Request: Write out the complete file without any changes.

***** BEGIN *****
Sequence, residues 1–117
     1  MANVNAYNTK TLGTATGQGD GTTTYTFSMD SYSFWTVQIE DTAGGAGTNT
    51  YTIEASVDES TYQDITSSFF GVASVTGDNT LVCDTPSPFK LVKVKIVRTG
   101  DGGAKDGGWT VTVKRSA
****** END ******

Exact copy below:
Sequence, residues 1–117
     1  MANVNAYNTK TLGTATGQGD GTTTYTFSMD SYSFWTVQIE DTAGGAGTNT
    51  YTIEASVDES TYQDITSSFF GVASVTGDNT LVCDTPSPFK LVKVKIVRTG
   101  DGGAKDGGWT VTVKRSA